July 28 - August 3, 2019: Issue 414


Sensational Hot Scones For Cold Winter Mornings And Afternoon Teas

Cold Winter mornings mean you want to serve something hot for morning or afternoon tea and although we're far from our CWA days and the seasons where we made our own jam on the farm, a deft hand at turning out hot scones is still causing eyes to light up and workers to go a bit faster after a few of these beauties with a hot cuppa.

The original scone was round and flat, usually as large as a medium-sized plate. It was made and baked on a griddle (or girdle, in Scots), then cut into triangular sections for serving. Today, many would call the large round cake a bannock, and call the triangles scones. In Scotland, the words are often used interchangeably.

The Oxford English Dictionary reports that the first mention of the word was in 1513. Origin of the word scone is obscure and may, in fact, derive from different sources. That is, the classic Scottish scone and the Dutch schoonbrood or "spoonbread" (very similar to the drop scone); and possibly other, similar and similarly named quick breads, may have made their way onto the British tea table, where their similar names merged into one.

Thus, scone may derive from the Middle Dutch schoonbrood (fine white bread), from schoon (pure, clean) and brood (bread), or it may derive from the Scots Gaelic term sgonn meaning a shapeless mass or large mouthful. The Middle Low German term schöne meaning fine bread may also have played a role in the origination of this word. Another explanation is the word may also be based on the town of Scone in Scotland, the ancient capital of that country – where Scottish monarchs were still crowned, even after the capital was moved to Perth, then to Edinburgh (and on whose Stone of Scone the monarchs of the United Kingdom are still crowned today).

When baking powder became available to the masses, scones began to be the oven-baked, well-leavened items we know today. Most of us forgo the baking powder nowadays and just start out with self-raising flour.

You can make sweet versions or savoury versions according to what suits your tastes at each occasion. Add dried fruit, add cheese, or rolling out the dough and add sugar and cinnamon has long been a favourite around here.

The Perfect Scone
The most important element of making the perfect scone is NOT to beat that dough up! 

Sift, knead in the butter, bring it together with a little milk (some state this will work better if you slightly warm the milk) lightly roll it out, swiftly cut, get it on the tray and into a hot oven - don't muck about!

NB: Turn your oven on before you reach for your mixing bowl. The quicker you get those just made scone dough into a hot oven, the better the result. We also put the scone tray in to heat up whereas some recipes advocate putting cold dough onto a cold tray.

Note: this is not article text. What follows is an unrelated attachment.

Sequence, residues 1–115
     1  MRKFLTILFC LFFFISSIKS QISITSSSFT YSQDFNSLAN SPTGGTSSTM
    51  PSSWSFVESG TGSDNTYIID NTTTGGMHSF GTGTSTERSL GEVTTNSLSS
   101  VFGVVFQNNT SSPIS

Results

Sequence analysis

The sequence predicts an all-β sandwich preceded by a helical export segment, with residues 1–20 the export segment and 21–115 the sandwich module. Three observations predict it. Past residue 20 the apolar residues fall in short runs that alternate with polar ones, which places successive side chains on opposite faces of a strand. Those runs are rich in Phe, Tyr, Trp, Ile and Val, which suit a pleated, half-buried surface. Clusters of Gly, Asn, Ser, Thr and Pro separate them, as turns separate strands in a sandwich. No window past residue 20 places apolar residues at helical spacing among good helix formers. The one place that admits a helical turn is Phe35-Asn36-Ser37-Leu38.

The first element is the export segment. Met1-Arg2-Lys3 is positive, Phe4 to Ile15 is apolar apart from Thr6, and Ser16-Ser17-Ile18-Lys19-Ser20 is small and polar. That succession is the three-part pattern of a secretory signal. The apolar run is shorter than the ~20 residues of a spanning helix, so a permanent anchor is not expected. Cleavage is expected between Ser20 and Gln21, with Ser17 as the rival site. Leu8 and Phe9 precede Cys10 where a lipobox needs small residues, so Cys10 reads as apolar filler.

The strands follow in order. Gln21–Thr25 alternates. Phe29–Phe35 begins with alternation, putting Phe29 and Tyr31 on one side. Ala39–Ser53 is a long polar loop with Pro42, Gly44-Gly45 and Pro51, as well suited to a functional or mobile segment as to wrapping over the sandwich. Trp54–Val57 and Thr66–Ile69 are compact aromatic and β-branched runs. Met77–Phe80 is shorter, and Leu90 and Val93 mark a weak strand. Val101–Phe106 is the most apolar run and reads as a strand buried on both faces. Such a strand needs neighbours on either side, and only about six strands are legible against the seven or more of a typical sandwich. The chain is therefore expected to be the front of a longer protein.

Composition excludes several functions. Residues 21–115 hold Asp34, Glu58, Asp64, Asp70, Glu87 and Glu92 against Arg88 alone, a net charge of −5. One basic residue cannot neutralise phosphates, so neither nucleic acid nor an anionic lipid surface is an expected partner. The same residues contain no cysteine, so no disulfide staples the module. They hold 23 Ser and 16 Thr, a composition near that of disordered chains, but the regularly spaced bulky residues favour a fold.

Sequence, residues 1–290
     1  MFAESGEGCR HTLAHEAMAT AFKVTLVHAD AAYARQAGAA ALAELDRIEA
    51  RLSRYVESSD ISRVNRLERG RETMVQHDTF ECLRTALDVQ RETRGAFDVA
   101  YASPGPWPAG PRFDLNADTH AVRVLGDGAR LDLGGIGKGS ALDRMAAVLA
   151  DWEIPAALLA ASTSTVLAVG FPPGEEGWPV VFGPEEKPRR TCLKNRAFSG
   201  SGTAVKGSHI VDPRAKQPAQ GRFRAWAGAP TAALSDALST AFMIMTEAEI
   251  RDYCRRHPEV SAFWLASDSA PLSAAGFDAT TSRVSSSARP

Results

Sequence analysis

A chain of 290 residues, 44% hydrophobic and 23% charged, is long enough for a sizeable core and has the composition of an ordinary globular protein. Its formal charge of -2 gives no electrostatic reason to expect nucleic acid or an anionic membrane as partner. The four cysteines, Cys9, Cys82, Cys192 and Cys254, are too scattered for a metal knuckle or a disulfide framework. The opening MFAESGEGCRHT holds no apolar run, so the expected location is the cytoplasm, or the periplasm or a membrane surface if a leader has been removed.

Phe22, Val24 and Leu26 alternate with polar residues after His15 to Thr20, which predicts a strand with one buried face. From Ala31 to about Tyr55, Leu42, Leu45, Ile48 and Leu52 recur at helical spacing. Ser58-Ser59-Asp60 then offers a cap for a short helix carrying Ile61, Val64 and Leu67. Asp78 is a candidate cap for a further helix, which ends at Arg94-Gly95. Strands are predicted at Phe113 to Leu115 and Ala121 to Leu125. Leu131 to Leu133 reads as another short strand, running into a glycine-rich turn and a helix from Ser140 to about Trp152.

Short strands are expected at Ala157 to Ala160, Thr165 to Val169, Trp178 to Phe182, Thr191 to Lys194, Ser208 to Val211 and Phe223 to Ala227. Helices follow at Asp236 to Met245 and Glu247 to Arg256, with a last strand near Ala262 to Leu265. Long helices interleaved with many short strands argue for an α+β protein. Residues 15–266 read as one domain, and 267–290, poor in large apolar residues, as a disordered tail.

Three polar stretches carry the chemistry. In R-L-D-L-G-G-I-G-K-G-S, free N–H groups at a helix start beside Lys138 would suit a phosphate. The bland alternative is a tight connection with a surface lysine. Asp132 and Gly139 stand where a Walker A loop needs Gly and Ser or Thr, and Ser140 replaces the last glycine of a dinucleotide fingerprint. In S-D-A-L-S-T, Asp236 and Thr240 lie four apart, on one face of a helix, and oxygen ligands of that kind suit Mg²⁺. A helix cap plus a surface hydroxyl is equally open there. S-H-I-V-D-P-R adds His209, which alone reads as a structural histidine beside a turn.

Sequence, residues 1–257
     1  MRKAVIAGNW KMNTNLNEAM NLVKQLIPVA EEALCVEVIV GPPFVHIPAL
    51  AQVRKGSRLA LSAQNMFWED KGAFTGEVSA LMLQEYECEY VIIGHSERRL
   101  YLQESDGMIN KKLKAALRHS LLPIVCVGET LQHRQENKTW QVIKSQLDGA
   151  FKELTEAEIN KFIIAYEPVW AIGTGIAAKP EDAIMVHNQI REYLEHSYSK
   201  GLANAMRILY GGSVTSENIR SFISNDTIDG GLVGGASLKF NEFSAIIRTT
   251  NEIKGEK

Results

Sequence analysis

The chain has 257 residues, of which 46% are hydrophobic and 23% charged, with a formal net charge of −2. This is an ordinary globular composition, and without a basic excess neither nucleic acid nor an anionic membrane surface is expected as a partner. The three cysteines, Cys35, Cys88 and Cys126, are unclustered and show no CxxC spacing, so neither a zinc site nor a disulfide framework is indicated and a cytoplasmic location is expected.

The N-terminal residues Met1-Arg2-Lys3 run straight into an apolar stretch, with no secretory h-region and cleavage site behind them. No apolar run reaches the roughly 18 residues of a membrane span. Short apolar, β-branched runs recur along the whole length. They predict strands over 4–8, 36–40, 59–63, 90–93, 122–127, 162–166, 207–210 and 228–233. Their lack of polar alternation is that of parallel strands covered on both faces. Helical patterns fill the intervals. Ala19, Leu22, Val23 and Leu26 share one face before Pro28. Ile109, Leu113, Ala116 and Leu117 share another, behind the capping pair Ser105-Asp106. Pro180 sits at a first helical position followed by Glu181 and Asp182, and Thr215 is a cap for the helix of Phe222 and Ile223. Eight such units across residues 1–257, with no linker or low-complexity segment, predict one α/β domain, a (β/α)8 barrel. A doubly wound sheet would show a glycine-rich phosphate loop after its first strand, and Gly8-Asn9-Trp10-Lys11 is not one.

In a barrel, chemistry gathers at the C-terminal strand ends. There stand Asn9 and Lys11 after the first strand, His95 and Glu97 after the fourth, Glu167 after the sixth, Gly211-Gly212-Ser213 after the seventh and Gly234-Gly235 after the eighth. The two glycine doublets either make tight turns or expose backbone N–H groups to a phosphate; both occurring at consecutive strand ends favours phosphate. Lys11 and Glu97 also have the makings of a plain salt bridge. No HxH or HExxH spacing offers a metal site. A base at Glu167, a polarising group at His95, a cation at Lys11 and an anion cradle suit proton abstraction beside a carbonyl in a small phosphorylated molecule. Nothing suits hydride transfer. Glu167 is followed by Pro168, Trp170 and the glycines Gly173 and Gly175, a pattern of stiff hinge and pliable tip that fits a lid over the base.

Since we're the originators of that 'you can take the girl out of the country but can't take the country out of the girl' phrase now so popular, the CWA's own recipes for the basics (get yourself a cookbook from the CWA! and not just for the scone recipes...)

CWA's own scone recipe (Melbourne Show)

Ingredients - makes 3 dozen
750g (6 cup) self-raising flour
1 teaspoon salt
250ml (1 cup) cream
500ml (2 cups) milk, approximate

  1. Sift flour and salt well.
  2. Use sufficient milk to make a firm but not dry mixture (just enough milk to make a dough easy to handle without too much extra flour on the board).
  3. Roll one way lightly.
  4. Cut and place scone shapes on a cold tray and brush tops with melted butter.
  5. Bake in an oven set at 220C for 8 to 10 minutes.

CWA prize-winning scones (Sydney Show version)

Ingredients - makes 2 dozen
450g plain flour
60g icing sugar
2 tsp cream of tartar
1 tsp bicarb soda
1/2 tsp salt
60g chilled butter, cubed
Approx. 310ml milk

  1. Preheat oven to 200 degrees Celsius. Heat a baking tray in the oven.
  2. Sift the flour, icing sugar, cream of tartar, bicarb soda, and salt together three times. Put into a bowl and rub in the butter. Make a well in the centre and pour into the well, about 3/4 of the milk. Use a knife to mix the milk through the flour to mix to a soft dough, adding remaining milk if needed to form a soft dough.
  3. Turn out on to a floured board and lightly knead. The mixture should be handled as lightly as possible and patted into shape with your hands.
  4. Cut the dough into shapes as desired and brush over with a little milk. Lightly flour the heated tray and place scones on the tray. Bake for 12-15 minutes or until a rich, golden brown.

The basics allow for creativity, as already stated above. Recently people are going all out in their variations and offering pancetta with gouda scones, chocolate chip scones as well as that great old fashioned date scone - that's an actual scone with dates the fruit in it, not a double Australiana style 'head-head' alliteration.

If you are keen on a cheese scone, put the grated cheese in before adding your milk. For scones with dried fruit in them, same process. The great thing about making your own, which will take a whole 15 minutes, is you control what salt and sugar levels there are in your scones when making them for youngsters - and you can sneak that fruit and veg in and hear them go 'yum'!

Save that for those 21sts!

Our sugar-cinnamon swirl scone

Sift your flour, add salt - add cold butter and knead butter in until mix looks alike breadcrumbs:

Add your milk and then use a flat blade knife to cut through the mixture.

Gently roll out and sprinkle sugar and cinnamon over. Roll and cut into 2cm slices. Place these together on your hot tray. Placing them together allows them to have a bit of souffle action in the rising stakes. 

Put the kettle on while they're cooking and get the teacups ready. Bake for 10-15 minutes until golden on top. Pull your scones out, pile onto plate with a spoon of jam - enjoy!

Tea Party (1905) by Louis Charles Moeller